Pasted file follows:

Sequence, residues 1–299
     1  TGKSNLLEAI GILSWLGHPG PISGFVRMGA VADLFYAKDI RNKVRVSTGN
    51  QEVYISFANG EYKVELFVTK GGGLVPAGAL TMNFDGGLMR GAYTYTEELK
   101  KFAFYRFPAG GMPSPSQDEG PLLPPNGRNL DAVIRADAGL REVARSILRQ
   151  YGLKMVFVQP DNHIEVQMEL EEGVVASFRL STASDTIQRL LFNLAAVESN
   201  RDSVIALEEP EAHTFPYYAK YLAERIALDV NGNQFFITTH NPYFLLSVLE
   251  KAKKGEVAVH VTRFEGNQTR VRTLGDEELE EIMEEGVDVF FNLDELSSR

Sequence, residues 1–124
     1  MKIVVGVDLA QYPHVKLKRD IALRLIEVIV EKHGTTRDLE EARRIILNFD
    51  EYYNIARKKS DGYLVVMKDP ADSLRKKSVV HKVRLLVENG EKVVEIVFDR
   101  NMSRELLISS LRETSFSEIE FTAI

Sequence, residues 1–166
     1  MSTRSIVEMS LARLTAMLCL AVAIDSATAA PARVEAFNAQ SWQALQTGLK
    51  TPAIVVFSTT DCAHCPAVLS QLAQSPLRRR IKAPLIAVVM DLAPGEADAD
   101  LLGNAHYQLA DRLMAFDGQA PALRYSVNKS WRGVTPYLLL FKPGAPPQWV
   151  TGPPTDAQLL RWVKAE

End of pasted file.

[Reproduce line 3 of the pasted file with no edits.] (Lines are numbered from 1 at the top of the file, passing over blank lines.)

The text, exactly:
    51  QEVYISFANG EYKVELFVTK GGGLVPAGAL TMNFDGGLMR GAYTYTEELK